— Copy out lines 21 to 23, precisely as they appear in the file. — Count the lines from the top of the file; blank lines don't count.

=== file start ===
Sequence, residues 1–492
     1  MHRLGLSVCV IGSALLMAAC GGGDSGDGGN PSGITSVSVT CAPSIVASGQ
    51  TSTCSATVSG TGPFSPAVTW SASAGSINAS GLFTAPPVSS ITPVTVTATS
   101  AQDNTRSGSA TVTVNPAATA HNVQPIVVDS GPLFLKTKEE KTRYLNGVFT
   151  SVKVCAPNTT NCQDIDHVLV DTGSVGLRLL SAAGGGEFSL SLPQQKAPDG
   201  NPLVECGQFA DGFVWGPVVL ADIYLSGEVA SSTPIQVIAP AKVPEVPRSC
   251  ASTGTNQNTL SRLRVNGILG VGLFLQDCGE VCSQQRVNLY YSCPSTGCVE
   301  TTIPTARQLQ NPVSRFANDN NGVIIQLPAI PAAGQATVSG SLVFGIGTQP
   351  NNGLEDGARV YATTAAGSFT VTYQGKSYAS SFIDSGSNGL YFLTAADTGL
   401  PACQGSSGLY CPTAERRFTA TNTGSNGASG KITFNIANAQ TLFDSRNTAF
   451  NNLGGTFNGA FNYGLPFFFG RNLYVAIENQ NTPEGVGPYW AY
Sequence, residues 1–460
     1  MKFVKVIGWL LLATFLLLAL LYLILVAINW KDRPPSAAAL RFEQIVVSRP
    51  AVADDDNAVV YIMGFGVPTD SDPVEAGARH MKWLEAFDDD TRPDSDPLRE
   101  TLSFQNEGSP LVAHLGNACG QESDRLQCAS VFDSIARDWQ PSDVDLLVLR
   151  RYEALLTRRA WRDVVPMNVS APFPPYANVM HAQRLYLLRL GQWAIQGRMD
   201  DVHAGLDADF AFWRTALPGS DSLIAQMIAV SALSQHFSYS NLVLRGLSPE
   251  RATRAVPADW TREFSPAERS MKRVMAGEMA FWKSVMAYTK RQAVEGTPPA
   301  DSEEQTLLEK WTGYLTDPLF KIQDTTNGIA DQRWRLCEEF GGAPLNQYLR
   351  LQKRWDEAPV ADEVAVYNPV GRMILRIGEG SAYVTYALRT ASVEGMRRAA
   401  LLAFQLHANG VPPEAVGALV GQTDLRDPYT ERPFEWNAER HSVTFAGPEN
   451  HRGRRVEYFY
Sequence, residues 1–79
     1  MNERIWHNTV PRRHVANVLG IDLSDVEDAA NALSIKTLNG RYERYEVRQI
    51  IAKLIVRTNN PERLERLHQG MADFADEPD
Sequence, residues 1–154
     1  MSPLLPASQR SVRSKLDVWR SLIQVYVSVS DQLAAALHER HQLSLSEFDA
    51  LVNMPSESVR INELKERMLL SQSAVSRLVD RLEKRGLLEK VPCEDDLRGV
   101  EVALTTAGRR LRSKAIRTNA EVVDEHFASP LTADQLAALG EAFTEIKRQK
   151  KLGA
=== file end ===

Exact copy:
   401  LLAFQLHANG VPPEAVGALV GQTDLRDPYT ERPFEWNAER HSVTFAGPEN
   451  HRGRRVEYFY
Sequence, residues 1–79